I’m going to be doing a series on things to look for in your first page.
Why just the first page?
Realistically, that first page is all you have. That’s what will either grab an editor or make him/her put the manuscript in the reject pile.
Editors have very little time, and they get thousands of manuscripts a year. If they’re not hooked by that first page, most will not bother to read on to the second page.
Editors just don’t have time anymore to “grow” an author and help them improve his/her writing. In past decades in publishing, an editor might contract an author with incredible potential and help them to become a better writer with successive books.
That doesn’t happen anymore. A debut author that’s contracted these days has to have very strong writing skills right off the bat—an editor will not contract a writer who’s “good but not quite there.”
It’s the same with a reader. Think of yourself in a bookstore. There are thousands of books on the shelves. How do you decide which book to spend your hard-earned money on?
1) look at the cover, even if it’s only for a moment
2) read the back cover blurb
3) read the first page or so
If that first page doesn’t grab you, how likely are you to read to page 2?
Craft a great opening line
I’ve said this before, but it’s worth repeating. A great opening line will hook your reader by the throat.
Every reader will at least read the first line. This is an opportunity handed to you on a plate for hooking your reader.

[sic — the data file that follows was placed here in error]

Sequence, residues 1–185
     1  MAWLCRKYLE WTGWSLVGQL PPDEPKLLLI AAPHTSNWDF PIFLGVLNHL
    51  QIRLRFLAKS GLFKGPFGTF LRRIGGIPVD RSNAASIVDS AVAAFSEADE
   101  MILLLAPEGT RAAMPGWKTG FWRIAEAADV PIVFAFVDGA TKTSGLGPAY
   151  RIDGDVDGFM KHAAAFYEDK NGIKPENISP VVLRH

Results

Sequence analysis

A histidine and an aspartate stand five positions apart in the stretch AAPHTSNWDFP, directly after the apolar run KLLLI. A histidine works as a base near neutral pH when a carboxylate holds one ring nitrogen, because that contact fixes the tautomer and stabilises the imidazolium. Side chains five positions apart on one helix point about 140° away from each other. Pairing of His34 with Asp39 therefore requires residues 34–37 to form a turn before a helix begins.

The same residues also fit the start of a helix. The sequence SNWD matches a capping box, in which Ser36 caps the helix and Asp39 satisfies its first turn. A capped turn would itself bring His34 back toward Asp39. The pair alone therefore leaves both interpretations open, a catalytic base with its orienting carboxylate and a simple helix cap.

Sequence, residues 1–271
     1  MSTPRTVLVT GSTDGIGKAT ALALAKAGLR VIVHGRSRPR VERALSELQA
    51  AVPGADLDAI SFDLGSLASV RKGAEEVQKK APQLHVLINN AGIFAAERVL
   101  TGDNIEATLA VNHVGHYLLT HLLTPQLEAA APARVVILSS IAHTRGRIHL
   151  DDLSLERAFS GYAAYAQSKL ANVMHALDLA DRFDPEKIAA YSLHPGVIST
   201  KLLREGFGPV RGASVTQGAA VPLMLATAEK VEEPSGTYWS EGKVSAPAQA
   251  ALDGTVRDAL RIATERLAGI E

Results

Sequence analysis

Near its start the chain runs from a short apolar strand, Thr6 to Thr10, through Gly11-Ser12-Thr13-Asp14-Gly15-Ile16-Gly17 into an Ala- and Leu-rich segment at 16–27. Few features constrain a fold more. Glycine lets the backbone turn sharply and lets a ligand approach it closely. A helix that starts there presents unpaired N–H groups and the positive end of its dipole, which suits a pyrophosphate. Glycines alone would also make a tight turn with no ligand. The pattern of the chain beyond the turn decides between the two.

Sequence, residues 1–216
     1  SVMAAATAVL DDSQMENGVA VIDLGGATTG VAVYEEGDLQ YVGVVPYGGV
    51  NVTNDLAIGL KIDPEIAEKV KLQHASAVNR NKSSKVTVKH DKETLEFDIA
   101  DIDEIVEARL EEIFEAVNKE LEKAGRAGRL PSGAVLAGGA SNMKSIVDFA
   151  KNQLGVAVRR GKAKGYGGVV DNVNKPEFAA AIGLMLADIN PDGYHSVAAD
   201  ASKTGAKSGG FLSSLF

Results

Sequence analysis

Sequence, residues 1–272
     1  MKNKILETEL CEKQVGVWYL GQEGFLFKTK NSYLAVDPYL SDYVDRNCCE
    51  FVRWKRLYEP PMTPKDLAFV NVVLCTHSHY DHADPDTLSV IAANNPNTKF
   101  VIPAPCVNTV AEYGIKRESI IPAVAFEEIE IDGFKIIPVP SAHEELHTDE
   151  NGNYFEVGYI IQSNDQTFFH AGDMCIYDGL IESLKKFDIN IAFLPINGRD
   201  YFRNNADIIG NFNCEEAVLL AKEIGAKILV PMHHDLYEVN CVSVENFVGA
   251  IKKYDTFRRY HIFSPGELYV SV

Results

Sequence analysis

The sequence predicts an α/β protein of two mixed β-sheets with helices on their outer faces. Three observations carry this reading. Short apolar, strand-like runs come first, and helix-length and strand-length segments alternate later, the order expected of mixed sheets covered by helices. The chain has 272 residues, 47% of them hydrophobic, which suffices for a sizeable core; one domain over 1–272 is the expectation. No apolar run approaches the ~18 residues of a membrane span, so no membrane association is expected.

A reader intrigued by a great opening line is more likely to read the second page even if the rest of the first page is absolutely dreck, because they’ve been tantalized by that great opening line.
An opening line is a fast, quick way to make sure you’ve got them. If your hook is at the end of the paragraph or the end of the page rather than the first line, you run the risk of the reader not making it that far and closing the book before they hit your hook.
You don’t want to run that risk. The odds are against you, and your mission is to make that editor or reader buy your book.
So spend time on crafting a fantastic opening line. Spend LOTS of time. Brainstorm lots of ideas, run ideas by your critique partners, fill up pages of possible opening lines, read good opening lines and get ideas.
Here are some examples of good opening lines:
Scene transitions – opening hooks
Do not leave your book to open with a blah opening line. Take advantage of the fact your reader will at least read that first line.
Click here for part two.